Bionic Woman |


Bionic WomanAt one point in Bionic Woman — NBC's sleeker, faster, cooler version of the 1970s series — a little girl looks out the window...Bionic WomanDrama, Sci-fi and Fantasy09/26/2007At one point in Bionic Woman — NBC's sleeker, faster, cooler version of the 1970s series — a little girl looks out the window...2007-09-26

(Alan Zenuk)


Bionic Woman

Genre: Drama, Sci-fi and Fantasy; Starring: Michelle Ryan; Series Premiere: 09/26/2007; Broadcaster: NBC; Status: In Season

At one point in Bionic Woman — NBC’s sleeker, faster, cooler version of the 1970s series — a little girl looks out the window of a car to see the 2007-model Jaime Sommers (East Enders’ Michelle Ryan) zipping through the woods like a cheetah. The child alerts her disbelieving mother, and then smiles: ”I just thought it was cool a girl could do that.”

Too much? Yes, too much! And yet, it’s one of those moments you just have to shrug at and enjoy. Girls can do lots of things in this energetic, dark drama: They can leap buildings, cartwheel around rooftops, and pounce across rooms in flimsy hospital gowns. As rethought for the 21st century, Jaime is no mere girlfriend of Steve Austin. She’s the girlfriend of a cute scientist (Will Anthros)! When a car smashup threatens Jaime’s life, he copters her off to his underground lair, er, research facility, where the majority of her body parts — both legs, an arm, an ear, an eye — are replaced by futuristic military bionics. The compromise? She’s now government property, and must participate in secret operations or be killed. When she’s informed of this, her beau is apologetic, but not that apologetic: ”You’re hardwired for highly specialized warfare, yes,” he admits in a hilarious Oh, did I forget to mention that? moment.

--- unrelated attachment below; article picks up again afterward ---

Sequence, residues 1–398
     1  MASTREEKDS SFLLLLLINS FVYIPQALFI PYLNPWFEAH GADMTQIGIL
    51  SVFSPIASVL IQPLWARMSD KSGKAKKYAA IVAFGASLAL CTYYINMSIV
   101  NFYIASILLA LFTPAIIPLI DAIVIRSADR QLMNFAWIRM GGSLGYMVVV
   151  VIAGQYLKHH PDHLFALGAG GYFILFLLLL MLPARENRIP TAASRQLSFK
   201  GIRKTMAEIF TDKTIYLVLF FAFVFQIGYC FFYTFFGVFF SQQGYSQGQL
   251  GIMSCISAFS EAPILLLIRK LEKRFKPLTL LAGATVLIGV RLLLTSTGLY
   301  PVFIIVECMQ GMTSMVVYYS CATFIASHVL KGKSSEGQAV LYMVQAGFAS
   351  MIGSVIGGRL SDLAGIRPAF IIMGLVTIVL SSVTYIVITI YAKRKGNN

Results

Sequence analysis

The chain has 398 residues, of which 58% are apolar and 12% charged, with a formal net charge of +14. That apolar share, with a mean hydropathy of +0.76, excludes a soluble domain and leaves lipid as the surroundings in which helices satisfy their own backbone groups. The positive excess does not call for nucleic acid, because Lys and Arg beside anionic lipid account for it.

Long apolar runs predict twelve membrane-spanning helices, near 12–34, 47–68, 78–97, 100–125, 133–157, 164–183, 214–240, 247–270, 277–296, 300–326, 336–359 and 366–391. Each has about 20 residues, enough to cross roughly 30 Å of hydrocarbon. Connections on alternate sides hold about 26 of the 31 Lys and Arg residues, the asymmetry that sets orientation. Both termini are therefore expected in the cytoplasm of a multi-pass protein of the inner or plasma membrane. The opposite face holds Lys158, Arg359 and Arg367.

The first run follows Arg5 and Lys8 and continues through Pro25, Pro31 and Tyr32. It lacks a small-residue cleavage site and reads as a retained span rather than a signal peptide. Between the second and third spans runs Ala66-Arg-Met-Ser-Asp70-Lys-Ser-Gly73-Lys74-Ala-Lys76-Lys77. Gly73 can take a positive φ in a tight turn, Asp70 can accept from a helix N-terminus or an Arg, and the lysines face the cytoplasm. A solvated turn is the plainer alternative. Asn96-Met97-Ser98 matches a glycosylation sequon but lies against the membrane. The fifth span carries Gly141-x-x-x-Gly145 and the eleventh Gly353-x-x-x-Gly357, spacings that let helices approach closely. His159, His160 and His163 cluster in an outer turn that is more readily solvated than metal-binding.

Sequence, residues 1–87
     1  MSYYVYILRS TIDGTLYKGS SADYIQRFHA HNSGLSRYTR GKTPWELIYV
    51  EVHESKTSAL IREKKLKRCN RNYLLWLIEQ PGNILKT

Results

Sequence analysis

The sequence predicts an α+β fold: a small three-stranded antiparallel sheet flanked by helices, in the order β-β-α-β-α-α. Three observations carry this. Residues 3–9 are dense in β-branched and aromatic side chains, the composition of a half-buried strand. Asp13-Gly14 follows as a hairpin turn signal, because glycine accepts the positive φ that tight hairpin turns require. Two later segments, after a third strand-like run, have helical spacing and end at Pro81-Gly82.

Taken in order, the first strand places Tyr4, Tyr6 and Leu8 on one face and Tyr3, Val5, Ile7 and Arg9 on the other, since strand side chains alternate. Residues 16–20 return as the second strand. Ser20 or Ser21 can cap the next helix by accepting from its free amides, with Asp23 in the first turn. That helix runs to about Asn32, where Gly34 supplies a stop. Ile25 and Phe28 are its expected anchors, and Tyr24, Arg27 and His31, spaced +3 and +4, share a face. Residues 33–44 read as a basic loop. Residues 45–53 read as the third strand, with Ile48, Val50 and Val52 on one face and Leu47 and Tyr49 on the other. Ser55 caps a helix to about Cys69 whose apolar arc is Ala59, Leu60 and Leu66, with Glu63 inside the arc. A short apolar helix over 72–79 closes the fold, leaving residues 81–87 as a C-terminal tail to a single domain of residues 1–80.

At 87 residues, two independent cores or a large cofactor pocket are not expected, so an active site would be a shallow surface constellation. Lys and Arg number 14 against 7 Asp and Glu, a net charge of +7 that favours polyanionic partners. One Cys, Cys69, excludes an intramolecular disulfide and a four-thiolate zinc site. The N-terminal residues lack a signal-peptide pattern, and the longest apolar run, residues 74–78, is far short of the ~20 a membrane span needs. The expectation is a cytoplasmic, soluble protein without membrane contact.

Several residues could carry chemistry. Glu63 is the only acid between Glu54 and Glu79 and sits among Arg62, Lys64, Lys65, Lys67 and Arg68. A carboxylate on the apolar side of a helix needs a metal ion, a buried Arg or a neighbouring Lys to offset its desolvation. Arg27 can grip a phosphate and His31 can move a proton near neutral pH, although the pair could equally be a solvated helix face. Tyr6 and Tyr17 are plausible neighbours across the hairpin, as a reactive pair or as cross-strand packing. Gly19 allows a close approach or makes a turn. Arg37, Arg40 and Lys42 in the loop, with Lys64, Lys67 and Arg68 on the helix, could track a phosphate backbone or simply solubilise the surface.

But the writers need to tweak the irony: Bionic Woman is a flowery-feminist show whose go-girl premise depends on some dude asserting control over a young woman’s body without her permission. Will this be a clever commentary on current sexual dynamics? Or just unimaginative storytelling? (The whole aggro-male vibe is partly due to poor casting: Anthros appears a good decade older than baby-faced Ryan, giving all their interactions a skeezy overlay.) Whether Bionic Woman plays with its contradictions and proves to be an insightful, allegorical series like exec producer David Eick’s other show, Battlestar Galactica, remains to be seen. It could end up being simple, popcorny fun (no small feat), in which case the only other worry is Ryan. The Brit actress has the same brunet intensity as Alias’ Jennifer Garner, but lacks the innate confidence. This absence is glaring anytime she’s acting opposite slick, pissy Katee Sackhoff (Battlestar), who shows up as the very first bionic woman, gone bad, determined to get badder. ”I’m cutting away all the parts of me that are weak,” she tells Jaime, creepily, before trying to kill her. The problem is, if you’re a fan of Sackhoff’s throaty, chin-jutty delivery, she absolutely overpowers the callow Ryan, and if you’re not a fan of Sackhoff…she still overpowers Ryan. It’s not going to get easier for the actress when the gravitas-enriched Isaiah Washington starts his guest arc in October. In short, this Bionic Girl had better hurry up and become a real Woman. B

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